What do they take us for?

September 21, 2008


That is what they take us for.

… A sachet of cat food is 59c. A box of 6 sachets is $4.03! Not just a little over $3 which you might expect but 49c more than six individual sachets! But wait, it gets worse. A box of 12 sachets is not a little under twice the price of the box of six but actually $8.10! Which is not only worse than buying two boxes of six but even worse still than buying a load of singles. This makes no sense to me. Can anyone please explain to me the logic here?

This has been another installment of Simple Answers To Simple Questions.

(also, foolishness is an inexhaustible commodity).



  1. You’re dead right.

    I used to think it was just here in NZ and it didn’t happen in the UK to my knowledge. Apparently, it happens in the States too.

    It turns out that the supermarkets realise that people just grab the biggest box of the thing they need on the assumption it’s cheaper. Ah well, not my fault if people don’t check the price they’re paying but I do.

  2. heh. how often do you pop in to the supermarket and leave with only one item?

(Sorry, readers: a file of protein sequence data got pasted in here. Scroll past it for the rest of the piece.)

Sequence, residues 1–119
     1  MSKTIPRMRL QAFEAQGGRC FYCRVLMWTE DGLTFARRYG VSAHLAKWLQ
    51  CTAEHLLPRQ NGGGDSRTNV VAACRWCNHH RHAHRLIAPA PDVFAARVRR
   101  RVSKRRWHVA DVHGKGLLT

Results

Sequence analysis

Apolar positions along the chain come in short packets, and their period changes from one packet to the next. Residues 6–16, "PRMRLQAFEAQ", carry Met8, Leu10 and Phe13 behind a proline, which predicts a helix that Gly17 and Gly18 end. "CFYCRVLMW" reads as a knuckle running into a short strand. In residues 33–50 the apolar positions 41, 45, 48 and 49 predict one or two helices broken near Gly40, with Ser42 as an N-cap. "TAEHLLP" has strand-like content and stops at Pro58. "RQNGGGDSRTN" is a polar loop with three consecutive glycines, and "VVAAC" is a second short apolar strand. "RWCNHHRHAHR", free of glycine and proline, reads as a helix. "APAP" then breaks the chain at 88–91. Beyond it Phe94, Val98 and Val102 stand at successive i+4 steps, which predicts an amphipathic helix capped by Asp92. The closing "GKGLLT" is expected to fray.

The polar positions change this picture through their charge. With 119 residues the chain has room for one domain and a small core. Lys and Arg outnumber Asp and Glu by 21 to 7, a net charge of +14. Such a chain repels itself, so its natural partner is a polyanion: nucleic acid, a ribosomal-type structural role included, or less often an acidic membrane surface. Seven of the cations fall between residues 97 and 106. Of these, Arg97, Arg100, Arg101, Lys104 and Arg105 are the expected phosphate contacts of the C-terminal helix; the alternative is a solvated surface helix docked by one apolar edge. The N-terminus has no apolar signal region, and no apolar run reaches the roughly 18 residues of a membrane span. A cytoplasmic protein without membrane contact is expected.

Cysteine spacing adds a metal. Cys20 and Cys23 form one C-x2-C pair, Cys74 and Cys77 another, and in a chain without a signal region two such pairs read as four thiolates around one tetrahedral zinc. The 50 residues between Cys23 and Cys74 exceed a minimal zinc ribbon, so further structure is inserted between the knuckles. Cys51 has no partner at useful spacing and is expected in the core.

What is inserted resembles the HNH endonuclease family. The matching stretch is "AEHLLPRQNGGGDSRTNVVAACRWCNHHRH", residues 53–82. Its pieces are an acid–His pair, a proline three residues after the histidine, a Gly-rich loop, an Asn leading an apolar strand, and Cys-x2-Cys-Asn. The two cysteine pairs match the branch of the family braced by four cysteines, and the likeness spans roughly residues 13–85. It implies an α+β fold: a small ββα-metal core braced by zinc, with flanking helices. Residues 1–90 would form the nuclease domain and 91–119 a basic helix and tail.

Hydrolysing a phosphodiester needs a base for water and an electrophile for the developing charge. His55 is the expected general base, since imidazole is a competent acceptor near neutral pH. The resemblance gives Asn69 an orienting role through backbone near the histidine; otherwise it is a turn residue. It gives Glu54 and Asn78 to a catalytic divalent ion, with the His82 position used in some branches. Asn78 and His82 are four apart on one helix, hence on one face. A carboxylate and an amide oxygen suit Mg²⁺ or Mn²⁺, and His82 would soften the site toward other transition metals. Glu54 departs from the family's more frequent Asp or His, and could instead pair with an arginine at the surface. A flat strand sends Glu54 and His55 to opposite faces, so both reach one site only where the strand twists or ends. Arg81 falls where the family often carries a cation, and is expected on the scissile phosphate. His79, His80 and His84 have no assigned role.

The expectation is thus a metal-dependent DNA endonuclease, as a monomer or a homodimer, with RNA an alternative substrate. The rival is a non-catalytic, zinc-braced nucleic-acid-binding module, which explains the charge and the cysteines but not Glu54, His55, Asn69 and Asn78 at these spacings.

small packs being more value = more trips to shops.

  3. what happened to the supermarkets that used to put the price per 100gm or unit (or whatever) on the shelf price label? I recall Woolworths used to do it. Now I mentally calculate these things as I shop. I was only caught out by the catfood scenario once. I do wonder if its cheaper to make your own?

  4. offal is pretty cheap, and contains *a lot* less sawdust and fat.

  5. It almost always holds true, doesn’t it? Two litre milk cartons cost more than one litre, 100 teabags more than 50 teabags, etc. Often we buy the most expensive option anyway because we can’t bear the thought of all the extra packaging. It’s one of those things that should be legislated against, seriously.

  6. Offal is cheap and my cat does have a thing for chicken hearts. Why on earth do I buy cat food?

    Woolworths recently had 500gm Anchor cheese for $3.79! Yet people were still buying the 1kg for well over $12

  7. funny innit. people often buy from habit, not conscious of price variation.

    and you buy cat food because you’ve contracted someone to cut up sheep hearts for you. 🙂

  8. I’ve obviously become city-fied. When I lived in the country we did our own butchering and I was a dab-hand at scraping pigs. I don’t recall buying catfood then

  9. Che said:

    offal is pretty cheap, and contains *a lot* less sawdust and fat.

    Dan adds:

    and nicotine (or is that just an urban legend?). I do know that whenever I am forced through disorganisation to buy a tin of jellimeat from the servo my cat is bouncing off the walls for days.

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